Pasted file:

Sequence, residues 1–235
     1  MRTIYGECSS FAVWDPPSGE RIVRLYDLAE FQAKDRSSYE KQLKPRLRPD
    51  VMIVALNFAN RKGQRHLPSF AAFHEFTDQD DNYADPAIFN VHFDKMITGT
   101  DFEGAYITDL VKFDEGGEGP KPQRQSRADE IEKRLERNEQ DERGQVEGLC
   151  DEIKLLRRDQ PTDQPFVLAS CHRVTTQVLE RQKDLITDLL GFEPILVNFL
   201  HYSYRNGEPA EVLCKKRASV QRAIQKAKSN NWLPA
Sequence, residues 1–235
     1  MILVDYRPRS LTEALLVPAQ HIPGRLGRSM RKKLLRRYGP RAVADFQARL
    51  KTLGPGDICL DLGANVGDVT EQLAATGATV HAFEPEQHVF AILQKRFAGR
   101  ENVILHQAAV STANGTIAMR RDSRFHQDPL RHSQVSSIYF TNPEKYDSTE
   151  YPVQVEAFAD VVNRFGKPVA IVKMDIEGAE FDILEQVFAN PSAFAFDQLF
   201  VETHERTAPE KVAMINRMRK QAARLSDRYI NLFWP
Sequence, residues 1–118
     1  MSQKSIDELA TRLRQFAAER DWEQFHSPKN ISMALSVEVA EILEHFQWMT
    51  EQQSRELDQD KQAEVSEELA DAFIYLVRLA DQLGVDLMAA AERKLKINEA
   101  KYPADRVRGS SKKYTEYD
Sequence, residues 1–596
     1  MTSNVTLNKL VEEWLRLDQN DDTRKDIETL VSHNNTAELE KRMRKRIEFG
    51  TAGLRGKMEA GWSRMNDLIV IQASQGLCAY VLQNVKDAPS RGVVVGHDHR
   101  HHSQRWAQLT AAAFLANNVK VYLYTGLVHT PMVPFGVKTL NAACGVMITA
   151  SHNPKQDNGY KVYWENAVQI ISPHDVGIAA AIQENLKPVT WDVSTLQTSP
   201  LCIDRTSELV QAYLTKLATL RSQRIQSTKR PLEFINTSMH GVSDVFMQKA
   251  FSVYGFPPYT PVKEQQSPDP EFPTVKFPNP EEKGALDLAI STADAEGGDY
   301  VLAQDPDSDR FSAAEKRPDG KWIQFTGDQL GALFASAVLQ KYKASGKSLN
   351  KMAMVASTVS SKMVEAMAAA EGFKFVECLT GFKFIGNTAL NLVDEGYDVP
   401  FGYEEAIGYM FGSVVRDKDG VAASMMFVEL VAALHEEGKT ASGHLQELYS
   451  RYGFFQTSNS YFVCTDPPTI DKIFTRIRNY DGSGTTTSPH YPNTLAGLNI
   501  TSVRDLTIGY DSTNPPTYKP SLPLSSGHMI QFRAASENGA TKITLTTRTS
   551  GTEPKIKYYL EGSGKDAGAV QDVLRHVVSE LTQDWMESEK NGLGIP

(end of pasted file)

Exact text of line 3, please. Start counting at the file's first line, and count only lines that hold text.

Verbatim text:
    51  VMIVALNFAN RKGQRHLPSF AAFHEFTDQD DNYADPAIFN VHFDKMITGT